Yes, WAFs can analyze the HTTP requests targeting the API and apply security rules to detect and block malicious traffic. This includes identifying and blocking common attack techniques such as SQL injection, cross-site scripting (XSS), and API-specific vulnerabilities. Additionally, WAFs can enforce rate limiting policies on API requests, ensuring that excessive traffic or abuse is controlled. This helps protect the API from brute-force attacks, denial-of-service (DoS) attacks, and other forms of excessive traffic that can impact its availability and performance.

Yes, WAFs can block blacklisted IP addresses. A WAF can be configured to block certain IP addresses from accessing a website or application. This is a common security practice to prevent malicious traffic from accessing a website or application.

WAFs can block requests with any HTTP status code. Commonly blocked status codes are 403 (Forbidden), 404 (Not Found), and 429 (Too Many Requests).

Configuring a web application firewall (WAF) involves several steps to ensure it effectively protects web applications. While specific configurations may vary based on the WAF solution and the requirements of the application, here are some common steps involved in configuring a WAF in below.

  1. Determine WAF Mode: Choose the appropriate deployment mode for the WAF, such as on, off or monitoring only, depending on your security requirements. In the “Monitoring Only” mode, WAF provides real-time monitoring for potential threats, while allowing all traffic to pass through uninterrupted, providing you with valuable insights into your website’s security posture without affecting its functionality.
  2. Configure whitelisting and blacklisting: Set up whitelists and blacklists to define trusted sources or IP addresses to allow or block. Whitelists ensure that legitimate traffic is not mistakenly blocked, while blacklists help prevent access from known malicious sources.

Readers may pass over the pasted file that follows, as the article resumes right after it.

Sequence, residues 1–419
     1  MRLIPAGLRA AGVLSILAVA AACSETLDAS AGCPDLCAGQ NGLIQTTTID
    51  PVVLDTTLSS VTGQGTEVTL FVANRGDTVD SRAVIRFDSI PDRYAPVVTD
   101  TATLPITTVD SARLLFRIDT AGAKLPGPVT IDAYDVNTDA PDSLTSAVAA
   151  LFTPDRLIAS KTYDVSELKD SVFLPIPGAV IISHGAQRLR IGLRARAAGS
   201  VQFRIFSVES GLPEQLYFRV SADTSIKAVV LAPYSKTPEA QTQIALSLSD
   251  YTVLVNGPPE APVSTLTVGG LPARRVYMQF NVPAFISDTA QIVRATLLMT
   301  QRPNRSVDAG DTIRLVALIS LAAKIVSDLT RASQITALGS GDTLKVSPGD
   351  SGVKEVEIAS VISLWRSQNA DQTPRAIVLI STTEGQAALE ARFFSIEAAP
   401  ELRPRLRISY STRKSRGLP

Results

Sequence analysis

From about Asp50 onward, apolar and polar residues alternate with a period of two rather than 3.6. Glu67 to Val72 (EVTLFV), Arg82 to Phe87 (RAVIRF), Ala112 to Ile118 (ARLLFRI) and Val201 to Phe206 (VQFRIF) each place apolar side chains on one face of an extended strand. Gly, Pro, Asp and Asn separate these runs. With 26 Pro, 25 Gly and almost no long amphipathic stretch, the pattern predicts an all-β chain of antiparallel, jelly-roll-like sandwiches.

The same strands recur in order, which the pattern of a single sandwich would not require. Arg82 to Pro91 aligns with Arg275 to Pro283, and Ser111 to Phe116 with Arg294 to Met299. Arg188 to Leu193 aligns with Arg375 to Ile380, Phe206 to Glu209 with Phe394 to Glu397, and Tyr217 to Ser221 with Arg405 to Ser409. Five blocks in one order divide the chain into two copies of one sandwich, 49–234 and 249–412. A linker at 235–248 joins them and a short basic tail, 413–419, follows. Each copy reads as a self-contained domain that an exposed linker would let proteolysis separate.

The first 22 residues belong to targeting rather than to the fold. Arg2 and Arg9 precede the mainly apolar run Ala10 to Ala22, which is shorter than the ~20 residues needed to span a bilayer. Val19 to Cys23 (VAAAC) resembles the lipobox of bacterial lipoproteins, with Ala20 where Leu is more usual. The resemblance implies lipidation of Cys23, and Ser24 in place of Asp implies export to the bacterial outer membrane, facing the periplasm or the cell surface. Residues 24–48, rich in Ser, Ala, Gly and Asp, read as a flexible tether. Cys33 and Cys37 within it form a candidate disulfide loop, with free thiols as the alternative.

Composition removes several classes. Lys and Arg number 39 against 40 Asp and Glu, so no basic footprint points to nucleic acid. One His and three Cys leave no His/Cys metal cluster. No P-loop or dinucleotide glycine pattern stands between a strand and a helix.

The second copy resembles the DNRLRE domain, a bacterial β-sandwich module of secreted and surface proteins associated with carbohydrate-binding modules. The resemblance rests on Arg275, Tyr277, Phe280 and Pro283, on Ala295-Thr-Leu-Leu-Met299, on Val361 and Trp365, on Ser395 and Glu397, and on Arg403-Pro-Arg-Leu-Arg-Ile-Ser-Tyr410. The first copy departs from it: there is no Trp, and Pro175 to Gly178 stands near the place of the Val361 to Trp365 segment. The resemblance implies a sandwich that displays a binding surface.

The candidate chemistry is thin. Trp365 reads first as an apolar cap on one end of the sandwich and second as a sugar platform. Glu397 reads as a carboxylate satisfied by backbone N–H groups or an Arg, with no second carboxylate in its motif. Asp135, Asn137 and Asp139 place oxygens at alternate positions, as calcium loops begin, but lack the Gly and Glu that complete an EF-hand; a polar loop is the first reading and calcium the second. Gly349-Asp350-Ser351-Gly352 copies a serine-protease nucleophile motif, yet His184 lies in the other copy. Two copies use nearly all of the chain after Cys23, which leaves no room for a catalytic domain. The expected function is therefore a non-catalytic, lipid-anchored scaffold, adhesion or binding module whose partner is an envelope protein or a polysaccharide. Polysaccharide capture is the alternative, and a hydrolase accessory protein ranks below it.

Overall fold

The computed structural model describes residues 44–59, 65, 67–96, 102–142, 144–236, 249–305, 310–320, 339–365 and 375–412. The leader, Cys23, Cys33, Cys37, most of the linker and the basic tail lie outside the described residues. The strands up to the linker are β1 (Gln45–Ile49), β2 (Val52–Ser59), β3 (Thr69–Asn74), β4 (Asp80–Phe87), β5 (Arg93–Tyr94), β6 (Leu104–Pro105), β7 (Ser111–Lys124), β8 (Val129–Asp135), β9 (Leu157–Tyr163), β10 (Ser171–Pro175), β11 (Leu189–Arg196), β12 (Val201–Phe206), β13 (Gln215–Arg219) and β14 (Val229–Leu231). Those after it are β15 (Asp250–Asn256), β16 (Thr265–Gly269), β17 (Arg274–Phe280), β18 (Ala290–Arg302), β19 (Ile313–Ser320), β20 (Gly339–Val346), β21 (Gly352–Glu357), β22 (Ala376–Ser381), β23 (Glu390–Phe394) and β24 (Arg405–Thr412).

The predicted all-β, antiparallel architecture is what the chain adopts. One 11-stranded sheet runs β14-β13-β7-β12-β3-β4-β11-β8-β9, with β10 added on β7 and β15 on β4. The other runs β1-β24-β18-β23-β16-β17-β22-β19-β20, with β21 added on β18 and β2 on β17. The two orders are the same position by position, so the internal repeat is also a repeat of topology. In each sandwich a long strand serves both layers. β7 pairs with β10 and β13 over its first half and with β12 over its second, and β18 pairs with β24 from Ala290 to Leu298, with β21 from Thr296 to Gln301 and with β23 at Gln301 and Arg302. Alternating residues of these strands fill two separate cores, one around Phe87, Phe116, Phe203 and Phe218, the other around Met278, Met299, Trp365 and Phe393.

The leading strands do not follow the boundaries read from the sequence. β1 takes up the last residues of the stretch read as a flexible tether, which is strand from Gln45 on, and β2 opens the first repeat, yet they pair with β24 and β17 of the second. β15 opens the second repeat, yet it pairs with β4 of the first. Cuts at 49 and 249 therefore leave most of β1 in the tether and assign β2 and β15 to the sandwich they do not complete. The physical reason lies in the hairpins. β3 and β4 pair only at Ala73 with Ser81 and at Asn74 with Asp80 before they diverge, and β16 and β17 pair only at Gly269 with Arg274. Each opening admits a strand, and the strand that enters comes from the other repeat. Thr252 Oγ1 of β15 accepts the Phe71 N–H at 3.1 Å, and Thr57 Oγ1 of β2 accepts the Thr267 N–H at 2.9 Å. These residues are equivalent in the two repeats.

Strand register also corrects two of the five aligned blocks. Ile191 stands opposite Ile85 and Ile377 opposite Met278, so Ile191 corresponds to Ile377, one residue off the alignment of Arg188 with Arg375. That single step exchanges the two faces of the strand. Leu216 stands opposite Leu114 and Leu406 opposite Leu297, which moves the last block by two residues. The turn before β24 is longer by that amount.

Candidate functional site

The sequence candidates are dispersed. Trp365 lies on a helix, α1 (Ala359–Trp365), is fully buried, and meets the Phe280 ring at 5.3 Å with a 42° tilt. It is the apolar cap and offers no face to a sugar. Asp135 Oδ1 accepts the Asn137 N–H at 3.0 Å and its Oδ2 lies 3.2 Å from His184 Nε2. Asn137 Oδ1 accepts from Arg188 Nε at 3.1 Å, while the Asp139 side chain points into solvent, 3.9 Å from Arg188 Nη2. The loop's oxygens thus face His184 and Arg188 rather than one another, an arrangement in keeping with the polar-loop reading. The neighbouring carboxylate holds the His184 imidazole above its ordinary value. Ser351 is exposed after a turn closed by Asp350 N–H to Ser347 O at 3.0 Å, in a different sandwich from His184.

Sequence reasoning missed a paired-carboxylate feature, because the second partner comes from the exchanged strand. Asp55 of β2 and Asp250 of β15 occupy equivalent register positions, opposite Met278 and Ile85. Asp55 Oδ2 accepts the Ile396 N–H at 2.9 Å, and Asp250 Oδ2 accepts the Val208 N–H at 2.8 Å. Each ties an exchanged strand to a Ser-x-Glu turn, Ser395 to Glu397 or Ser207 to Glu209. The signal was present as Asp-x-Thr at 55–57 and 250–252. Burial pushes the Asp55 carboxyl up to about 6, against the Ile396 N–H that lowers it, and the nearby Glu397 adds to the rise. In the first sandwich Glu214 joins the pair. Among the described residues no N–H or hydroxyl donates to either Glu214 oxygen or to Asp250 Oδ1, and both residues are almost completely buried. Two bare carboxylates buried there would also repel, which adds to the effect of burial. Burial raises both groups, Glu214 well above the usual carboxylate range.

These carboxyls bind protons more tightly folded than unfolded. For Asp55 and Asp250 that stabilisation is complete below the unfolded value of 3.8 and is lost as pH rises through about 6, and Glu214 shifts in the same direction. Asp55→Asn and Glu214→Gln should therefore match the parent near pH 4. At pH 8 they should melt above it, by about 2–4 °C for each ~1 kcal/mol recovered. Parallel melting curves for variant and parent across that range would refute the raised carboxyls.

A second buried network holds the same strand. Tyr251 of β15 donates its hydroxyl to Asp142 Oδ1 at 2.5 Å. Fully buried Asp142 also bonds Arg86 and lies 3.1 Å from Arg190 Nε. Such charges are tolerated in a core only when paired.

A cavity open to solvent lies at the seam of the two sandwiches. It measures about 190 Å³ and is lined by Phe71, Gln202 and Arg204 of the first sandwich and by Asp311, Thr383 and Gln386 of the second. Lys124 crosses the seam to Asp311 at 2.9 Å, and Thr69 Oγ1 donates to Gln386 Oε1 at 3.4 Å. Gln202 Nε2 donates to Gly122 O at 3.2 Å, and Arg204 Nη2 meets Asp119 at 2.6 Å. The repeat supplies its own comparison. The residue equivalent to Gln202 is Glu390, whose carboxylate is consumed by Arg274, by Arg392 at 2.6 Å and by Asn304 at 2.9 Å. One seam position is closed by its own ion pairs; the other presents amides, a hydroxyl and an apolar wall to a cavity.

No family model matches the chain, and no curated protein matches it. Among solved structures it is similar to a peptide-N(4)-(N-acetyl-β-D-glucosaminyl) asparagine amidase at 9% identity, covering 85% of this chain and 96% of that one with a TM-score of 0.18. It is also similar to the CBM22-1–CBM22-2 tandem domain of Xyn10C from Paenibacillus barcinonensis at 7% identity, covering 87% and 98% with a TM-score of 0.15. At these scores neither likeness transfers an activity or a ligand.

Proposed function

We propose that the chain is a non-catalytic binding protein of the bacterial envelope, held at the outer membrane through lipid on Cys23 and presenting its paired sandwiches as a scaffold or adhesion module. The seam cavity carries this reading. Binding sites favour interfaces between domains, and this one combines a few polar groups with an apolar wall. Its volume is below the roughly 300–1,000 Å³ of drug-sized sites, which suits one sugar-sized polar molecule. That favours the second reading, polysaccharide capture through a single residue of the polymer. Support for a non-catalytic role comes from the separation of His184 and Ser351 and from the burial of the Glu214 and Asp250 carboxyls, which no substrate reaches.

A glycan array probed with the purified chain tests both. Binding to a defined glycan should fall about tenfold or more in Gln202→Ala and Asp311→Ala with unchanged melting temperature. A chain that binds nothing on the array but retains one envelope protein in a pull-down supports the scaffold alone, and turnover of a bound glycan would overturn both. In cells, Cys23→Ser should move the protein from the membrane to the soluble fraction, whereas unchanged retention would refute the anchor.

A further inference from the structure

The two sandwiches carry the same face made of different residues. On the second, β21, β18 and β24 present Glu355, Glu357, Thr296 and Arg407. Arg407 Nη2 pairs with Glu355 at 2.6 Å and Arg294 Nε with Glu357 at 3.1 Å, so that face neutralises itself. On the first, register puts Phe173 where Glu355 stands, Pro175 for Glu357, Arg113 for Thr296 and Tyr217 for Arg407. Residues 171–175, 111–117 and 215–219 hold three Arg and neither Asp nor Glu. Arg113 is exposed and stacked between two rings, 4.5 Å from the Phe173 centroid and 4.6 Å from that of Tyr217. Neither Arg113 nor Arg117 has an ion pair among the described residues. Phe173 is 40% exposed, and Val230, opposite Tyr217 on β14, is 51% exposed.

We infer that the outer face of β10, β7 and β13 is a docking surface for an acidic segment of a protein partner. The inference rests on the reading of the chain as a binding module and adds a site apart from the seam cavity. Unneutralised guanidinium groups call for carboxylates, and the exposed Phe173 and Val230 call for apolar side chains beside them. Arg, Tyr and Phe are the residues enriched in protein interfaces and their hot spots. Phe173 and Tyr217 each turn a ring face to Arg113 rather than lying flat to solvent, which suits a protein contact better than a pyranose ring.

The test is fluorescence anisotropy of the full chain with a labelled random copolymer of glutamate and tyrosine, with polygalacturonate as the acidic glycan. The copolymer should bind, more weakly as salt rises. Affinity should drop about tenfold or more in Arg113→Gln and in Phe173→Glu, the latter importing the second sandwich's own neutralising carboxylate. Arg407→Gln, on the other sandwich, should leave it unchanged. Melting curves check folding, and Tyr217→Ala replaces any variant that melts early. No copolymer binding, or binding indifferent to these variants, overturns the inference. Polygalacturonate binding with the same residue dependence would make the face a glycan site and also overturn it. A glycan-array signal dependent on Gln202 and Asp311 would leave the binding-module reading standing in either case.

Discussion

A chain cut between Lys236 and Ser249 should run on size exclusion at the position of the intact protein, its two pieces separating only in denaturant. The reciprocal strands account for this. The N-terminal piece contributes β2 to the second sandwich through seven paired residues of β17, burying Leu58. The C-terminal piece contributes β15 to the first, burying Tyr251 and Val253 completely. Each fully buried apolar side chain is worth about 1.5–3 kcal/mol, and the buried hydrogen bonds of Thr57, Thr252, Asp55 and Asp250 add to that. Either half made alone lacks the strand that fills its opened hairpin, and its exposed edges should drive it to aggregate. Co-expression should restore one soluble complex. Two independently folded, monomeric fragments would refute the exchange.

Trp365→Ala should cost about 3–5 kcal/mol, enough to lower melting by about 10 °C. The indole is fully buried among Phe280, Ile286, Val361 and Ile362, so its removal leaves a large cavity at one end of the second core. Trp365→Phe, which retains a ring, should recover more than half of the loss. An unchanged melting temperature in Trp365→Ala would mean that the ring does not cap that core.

3. Customize rule sets: Modify the rule sets provided by the WAF vendor to align with the specific requirements of your web application. Fine-tune rules, filters, and settings based on the application’s architecture, behavior, and potential attack surface. This may involve creating custom rules or adjusting existing ones.
  4. Testing and tuning: Conduct thorough testing to validate the effectiveness of the WAF configuration. Test different attack vectors, perform vulnerability scanning, and evaluate the WAF’s ability to detect and block threats while allowing legitimate traffic. Based on testing results, fine-tune the configuration to minimize false positives and negatives.

Web application firewalls can be deployed in different ways, including as a physical appliance, as software running on dedicated servers, or as a cloud-based service. Cloud-based WAFs have gained popularity due to their scalability, ease of deployment, and continuous updates to keep up with emerging threats.

  • Scalability: Cloud-based WAFs can handle high volumes of web traffic and requests and are highly scalable. In order to dynamically scale resources in response to demand, they make use of the cloud infrastructure. As a result, websites and applications are kept secure even during traffic peaks or unexpected workload increases.
  • Rapid Deployment: Rapid Deployment: Without requiring extensive hardware or software installations, cloud-based WAFs can be quickly deployed and activated.They are frequently implemented as a service, enabling businesses to quickly begin protecting their web applications. Cloud-based WAFs are typically configured and managed using simple web interfaces or APIs.
  • Cost Efficiency: Organizations don’t have to spend money on specialized hardware or infrastructure when using cloud-based WAFs. Instead, they use a subscription-based business model whereby businesses pay only for the services they actually use. As a result, it is less expensive to start up and maintain the WAF infrastructure and it requires fewer specialized IT resources.
  • Automated Updates and Threat Intelligence: Cloud-based WAFs make use of the cloud’s capabilities to deliver ongoing updates and access to the most recent threat intelligence. By automatically updating their rule sets and security policies, they can quickly adapt to new attack methods and emerging threats. Web applications are safeguarded against the most recent vulnerabilities and attack methods thanks to this proactive approach.
  • Real-Time Monitoring and Reporting: Organizations can learn more about web application traffic, security events, and attack attempts thanks to the real-time monitoring and reporting features offered by cloud-based WAFs. They provide thorough dashboards, logs, and alerts that help security teams identify threats and take appropriate action.